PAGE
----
Spotlight Seminar: the case for market segmentation

Spotlight Seminar: the case for market segmentation

There is a well-known saying that goes, “an offer that is acceptable for all is perfect for no one”. This is certainly true, and competition is fierce in the world of international higher education. It is estimated that at least 7000 higher education institutions actively recruit international students – and that these students all apply to an average of five institutions each. How can you be at the very top of their list (and not just on it)? The key is market segmentation.

Although somewhat counter-intuitive, if you have the nerve to strategically limit your market to a narrowly defined segment – rather than trying to convince them all – your results will be much more impressive. It also saves resources. After all, why would you want to get 10,000 applications into your admissions office to yield 100 enrolments? Wouldn’t it be better to get 1000 applications that generate the same amount or better? This is exactly why market segmentation is a key strategic activity you need to undertake.

Beyond geography

When we talk and think about markets, we often define them by geographical boundaries. We often hear: “our main markets are in South America” or “the Japanese market is on the rise now”. And although there might be value in defining markets geographically, with the intention of approaching them in different ways and with different offers, there is no reason why we should limit ourselves to this mind-set.

There are numerous ways in which a market can be defined, but let’s start with a general definition of what a market segment is and why it is useful. A market segment is a subset of all potential international students that share some common characteristics for whom you could adapt your offer. There are a couple of key things to note in this definition:

  1. Market segmentation is used to adapt your offer to suit a certain type of student; it isn’t about adapting your recruitment activities. Sure, recruitment and communication activities follow, but at the core, this is about developing an offer that satisfies a particular group of students.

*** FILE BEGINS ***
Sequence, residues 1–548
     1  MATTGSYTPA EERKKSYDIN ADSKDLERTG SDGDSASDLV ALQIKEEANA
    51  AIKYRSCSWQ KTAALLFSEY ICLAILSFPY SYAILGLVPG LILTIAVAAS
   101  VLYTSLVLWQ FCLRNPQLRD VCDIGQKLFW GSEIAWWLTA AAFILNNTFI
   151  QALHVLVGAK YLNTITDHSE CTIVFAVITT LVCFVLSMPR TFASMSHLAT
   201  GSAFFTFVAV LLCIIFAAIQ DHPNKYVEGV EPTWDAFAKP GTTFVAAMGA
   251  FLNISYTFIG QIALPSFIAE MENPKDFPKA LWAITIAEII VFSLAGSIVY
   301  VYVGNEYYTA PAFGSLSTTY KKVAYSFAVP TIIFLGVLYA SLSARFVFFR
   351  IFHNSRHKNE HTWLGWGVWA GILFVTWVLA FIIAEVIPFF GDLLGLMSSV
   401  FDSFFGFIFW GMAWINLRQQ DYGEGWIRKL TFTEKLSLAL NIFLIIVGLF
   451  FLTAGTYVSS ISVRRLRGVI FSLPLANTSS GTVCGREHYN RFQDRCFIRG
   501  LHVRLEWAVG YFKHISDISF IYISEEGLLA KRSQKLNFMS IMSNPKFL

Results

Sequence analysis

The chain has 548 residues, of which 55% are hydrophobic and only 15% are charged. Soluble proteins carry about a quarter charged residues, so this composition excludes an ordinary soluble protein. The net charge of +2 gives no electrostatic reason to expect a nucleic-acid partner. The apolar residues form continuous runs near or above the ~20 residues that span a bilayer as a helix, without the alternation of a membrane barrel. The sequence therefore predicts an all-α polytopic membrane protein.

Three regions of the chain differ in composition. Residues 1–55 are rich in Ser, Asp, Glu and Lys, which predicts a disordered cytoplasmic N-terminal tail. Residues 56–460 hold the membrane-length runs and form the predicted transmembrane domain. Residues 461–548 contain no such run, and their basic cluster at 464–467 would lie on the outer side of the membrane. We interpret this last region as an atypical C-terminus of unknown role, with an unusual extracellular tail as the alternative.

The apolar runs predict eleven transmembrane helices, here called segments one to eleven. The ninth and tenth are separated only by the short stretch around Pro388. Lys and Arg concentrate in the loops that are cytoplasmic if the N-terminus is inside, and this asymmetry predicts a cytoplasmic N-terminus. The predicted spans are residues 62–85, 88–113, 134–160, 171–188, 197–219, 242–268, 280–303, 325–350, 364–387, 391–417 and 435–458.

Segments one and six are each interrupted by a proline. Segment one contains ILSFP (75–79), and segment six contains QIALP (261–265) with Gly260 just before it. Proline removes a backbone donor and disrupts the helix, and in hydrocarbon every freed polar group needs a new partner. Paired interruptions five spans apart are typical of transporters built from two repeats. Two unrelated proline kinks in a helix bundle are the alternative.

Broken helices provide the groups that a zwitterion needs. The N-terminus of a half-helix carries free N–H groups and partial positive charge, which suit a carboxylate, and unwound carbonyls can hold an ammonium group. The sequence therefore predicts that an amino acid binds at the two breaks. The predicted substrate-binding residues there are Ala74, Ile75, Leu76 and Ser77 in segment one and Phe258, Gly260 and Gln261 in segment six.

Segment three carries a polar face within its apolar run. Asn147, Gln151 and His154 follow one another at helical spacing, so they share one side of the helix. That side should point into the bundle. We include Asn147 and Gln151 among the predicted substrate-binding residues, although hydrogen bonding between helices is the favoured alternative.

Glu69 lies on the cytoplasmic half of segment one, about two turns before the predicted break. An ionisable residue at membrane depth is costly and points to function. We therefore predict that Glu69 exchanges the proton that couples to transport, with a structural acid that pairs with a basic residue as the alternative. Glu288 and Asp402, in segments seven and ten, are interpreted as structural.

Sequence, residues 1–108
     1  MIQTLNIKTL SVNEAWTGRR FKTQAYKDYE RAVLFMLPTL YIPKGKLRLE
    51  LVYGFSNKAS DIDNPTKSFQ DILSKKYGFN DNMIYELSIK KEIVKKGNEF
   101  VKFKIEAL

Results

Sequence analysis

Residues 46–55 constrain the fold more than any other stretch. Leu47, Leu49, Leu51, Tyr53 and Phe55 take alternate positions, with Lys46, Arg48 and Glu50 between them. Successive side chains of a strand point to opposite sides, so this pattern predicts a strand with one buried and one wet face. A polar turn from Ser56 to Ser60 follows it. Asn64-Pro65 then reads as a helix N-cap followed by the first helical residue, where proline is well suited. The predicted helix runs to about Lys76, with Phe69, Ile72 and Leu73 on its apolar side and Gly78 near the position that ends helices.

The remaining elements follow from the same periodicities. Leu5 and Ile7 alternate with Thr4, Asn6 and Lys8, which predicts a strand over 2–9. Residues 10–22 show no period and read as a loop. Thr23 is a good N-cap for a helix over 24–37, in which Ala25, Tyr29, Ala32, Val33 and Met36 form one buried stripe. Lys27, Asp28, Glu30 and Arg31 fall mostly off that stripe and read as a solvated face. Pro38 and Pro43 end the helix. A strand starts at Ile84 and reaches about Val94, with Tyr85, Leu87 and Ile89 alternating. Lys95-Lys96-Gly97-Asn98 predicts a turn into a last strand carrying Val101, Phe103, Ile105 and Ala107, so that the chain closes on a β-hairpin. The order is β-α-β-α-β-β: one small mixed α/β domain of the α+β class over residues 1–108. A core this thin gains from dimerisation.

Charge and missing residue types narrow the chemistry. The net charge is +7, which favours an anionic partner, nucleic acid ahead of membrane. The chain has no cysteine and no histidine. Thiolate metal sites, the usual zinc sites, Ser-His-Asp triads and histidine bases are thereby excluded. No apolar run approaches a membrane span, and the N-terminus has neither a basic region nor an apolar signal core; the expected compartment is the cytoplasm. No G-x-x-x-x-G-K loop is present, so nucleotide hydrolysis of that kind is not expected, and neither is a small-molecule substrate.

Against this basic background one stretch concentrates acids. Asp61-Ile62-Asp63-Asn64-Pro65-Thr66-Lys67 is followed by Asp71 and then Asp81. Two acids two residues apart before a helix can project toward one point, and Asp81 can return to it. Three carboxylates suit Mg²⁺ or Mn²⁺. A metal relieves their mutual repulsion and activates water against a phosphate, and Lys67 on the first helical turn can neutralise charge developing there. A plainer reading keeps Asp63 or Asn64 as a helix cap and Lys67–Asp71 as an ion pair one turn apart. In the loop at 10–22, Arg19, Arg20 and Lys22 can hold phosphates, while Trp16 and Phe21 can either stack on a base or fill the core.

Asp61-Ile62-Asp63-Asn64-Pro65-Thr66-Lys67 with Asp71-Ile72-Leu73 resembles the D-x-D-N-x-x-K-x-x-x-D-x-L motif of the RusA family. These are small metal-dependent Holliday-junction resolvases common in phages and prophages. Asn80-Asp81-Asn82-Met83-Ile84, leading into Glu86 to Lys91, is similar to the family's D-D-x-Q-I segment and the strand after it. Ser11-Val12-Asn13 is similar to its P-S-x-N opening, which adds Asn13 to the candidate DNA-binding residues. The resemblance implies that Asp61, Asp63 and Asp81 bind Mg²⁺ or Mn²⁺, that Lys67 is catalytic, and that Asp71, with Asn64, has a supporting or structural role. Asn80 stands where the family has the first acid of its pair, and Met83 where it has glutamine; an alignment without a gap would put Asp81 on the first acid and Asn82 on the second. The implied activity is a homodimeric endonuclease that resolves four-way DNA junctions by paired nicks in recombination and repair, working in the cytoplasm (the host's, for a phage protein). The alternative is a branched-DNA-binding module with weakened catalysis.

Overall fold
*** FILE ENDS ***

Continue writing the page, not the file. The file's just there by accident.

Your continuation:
2. We are looking for a set of characteristics that define our preferred students, not just their nationality.
  3. These characteristics should be useful when defining our offer. Characteristics such as age and nationality on their own tend to be less useful for these purposes.

Potential segments

Career goals
Prospective students can be grouped based on their motives for studying. Education is not the end goal, their future career is. Some students want to get a job after graduation, some want to embark upon a research career, while others want to start their own businesses. Research-oriented students need scholarships, so if that’s your segment you need to figure out how to provide that. Job-oriented students want internships as a key ingredient of your offer. The exact needs and wants of your particular market segment should be clearly defined in your value proposition. How you can provide this while staying within budget (or being profitable) should be an integral part of your business model.

Extracurricular activities
In the USA, for instance, it is common to tailor offerings to elite athletes. To be able to cater to such populations, scholarships and adapted lecture schedules that facilitate training should be part of your offer.

Academic ability
Maybe you want to focus on the students who are at top in their class. Maybe you’re looking to give the struggling students an opportunity. The first group would surely appreciate very individual study plans to reach their peak. The second would probably be looking for a foundation year to sharpen general skills such as language, scientific writing and critical thinking.

Where to start

We don’t always have much control over the courses, scholarships and other academic aspects on offer at our higher education institutions. Our job is often simply to recruit. Yet if you take a closer look at what you currently have on offer and the types of students you tend to get, it might give you some insights into other things you could suggest to your institution. This is far easier if you can back it up with a clear definition of your market segment and an analysis of what it values. Over time, you can optimise your offer for a particular segment of the five million students who go abroad for a degree every year.

Joachim is Chair of the EAIE Expert Community Marketing and Recruitment and project manager at Uppsala University, Sweden.

Are you interested in learning more about this important topic? Join the upcoming EAIE Spotlight Seminar ‘International marketing strategy: find your market niche and climb to the top’, taking place 27–28 March in Amsterdam. We will explore tools, techniques and inspiration for crafting a better marketing strategy and taking your efforts to the next level!